We'd arrived home from a short lecture trip, are home for one night and then are gone again on another. On the trip home we organized ourselves, setting out tasks so we could get everything done quickly and efficiently. I was given the job of getting up to the bank, I would hop in my power chair and head out while Joe stayed and carted stuff up from the car.
There were few people on the street so I could open the chair up and fly up to the bank. The was no line up at the bank machines and I even got the one that is slightly modified for people with disabilities. Banking done, I quickly rushed back home. I noticed that Joe was down at the car so I scooted past the front of the bulding to meet him in the parking lot. He saw me and then piled some stuff on the back of the chair.
Because of the speed of my chair, I got into the building first. I pushed the button for an elevator that was already there. It openned and, as people coming into the lobby getting keys out to enter all saw, it was impossible to back up slide over and get in during the time alloted for the door to open. They arrived and Joe arrived at the same time. I was in front of the door and when the button was pushed, they all climbed over me like I was a JungleJim and filled the elevator. I backed up and away a little upset. Joe smiled and said, 'I'll get in too so you can have the next one to yourself.' He had lots of bags and did take up room.
The next elevator came several minutes later and again there were lots of people. That was ok, there was lots of room. I got them to get in first and then I pulled in. I had forgotten that I had a bag on the back of the chair and as it happened, the door didn't want to close because the bag stuck out a bit too far. A fellow, pissed drunk, noticed and leaned over and lifted the bag off my chair. That was ok with me, it made sense. I asked him to simply hand the bag back to me and I'd carry it off. He refused. Flat out refused. He was determined to get the bag back on the back of the chair.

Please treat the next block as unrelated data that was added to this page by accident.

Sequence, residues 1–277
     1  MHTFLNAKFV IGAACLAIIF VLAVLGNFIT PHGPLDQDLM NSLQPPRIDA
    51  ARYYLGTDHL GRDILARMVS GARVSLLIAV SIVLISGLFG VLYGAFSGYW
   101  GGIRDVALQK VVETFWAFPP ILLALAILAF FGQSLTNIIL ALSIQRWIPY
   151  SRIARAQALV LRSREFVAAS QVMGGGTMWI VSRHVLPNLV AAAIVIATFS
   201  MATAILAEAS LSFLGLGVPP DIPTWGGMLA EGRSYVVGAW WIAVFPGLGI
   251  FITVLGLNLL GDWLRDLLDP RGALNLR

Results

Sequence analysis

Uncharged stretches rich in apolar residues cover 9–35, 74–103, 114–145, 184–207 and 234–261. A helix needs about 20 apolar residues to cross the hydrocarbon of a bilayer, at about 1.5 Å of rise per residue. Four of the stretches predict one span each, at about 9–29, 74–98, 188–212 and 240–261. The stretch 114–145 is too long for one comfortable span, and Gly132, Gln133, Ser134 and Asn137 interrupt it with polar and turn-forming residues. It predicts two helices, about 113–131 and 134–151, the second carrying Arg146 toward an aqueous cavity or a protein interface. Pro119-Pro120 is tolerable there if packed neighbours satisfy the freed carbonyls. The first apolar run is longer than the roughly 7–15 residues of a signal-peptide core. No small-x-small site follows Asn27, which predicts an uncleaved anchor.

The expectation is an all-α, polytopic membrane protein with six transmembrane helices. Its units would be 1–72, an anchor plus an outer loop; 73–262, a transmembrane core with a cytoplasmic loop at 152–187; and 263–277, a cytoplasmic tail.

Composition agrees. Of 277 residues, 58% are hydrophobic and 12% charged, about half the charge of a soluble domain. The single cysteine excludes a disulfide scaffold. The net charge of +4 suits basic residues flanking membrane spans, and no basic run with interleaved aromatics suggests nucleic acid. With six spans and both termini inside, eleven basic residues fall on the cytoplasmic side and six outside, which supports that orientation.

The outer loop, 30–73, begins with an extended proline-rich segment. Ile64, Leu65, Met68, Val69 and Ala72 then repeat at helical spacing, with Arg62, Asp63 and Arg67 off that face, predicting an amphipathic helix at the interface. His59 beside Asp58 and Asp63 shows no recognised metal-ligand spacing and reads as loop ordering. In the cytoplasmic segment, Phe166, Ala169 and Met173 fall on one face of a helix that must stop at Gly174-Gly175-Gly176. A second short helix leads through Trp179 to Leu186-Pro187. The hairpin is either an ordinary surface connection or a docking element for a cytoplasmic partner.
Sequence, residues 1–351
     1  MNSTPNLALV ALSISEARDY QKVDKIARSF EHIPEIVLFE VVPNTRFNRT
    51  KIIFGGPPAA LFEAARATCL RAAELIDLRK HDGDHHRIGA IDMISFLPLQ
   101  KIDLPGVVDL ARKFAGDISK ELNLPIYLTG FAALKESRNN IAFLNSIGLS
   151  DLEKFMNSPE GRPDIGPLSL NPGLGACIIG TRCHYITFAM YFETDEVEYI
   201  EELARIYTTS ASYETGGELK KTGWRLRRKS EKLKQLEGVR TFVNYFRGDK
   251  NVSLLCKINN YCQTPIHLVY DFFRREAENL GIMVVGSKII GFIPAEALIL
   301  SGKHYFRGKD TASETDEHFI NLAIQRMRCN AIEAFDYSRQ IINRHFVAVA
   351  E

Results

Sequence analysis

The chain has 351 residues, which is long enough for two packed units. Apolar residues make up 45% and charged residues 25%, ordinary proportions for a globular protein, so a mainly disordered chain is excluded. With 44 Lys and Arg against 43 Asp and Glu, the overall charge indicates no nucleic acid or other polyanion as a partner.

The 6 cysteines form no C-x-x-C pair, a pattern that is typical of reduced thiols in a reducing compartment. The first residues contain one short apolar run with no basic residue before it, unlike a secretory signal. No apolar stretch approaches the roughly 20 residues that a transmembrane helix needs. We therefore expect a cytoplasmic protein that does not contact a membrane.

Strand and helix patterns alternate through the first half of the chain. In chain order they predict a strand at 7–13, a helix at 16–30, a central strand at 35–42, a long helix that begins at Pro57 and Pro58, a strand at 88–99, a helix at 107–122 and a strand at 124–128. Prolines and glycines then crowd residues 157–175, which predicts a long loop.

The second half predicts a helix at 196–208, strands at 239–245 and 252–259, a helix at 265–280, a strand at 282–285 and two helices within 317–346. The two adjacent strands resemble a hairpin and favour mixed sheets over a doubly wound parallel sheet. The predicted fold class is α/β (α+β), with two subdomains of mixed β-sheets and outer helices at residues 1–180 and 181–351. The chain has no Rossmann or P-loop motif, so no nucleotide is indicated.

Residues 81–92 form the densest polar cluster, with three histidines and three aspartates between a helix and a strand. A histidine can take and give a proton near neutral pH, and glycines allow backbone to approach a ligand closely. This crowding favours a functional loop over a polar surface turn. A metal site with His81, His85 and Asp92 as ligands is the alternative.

Now he his body, which stank of smoke and sweat and booze, was pressed right up against me. He was grunting as he was trying to get the damn bag back over the two arms. All the time I'm protesting. Just give me the bag, I can carry it. Suddenly he's an angry drunk, he informed me in no uncertain terms, that that bag was going on that chair. Angry drunks can turn so I just fell silent. By the time he had tried everything, I had had to shut the chair off because his leg was up and over the chair arm as he reached back. I was covered in his smell and his sweat. I was afraid of him.
Finally he gave up and he's even mader now, but also finally we were on my floor and the door openned. He threw the bag at me in a fit of fury. I thanked him for his 'help' and got off. I could see that the others on the elevator were scared of him too. The door closed and I was shaking and crying as I drove down to the door of my apartment.
It was hard to think that 'there was a time he'd never have treated me that way' thought. Because the fault didn't lie in my wheelchair, it didn't lie in my disability. It lied in the fact that our voices, individually, and our voices, collectively, have yet to become valued as authoritative about our own lives and our own needs.
I teach people with disability to have a voice and to speak their own minds.
I need to teach others to have ears and to listen past their prejudices.
It's been said that there is a message that God gave us two ears and one mouth ... yeah, I get that, but unfortunately, without calculators at ready hand. It seems many can no longer do math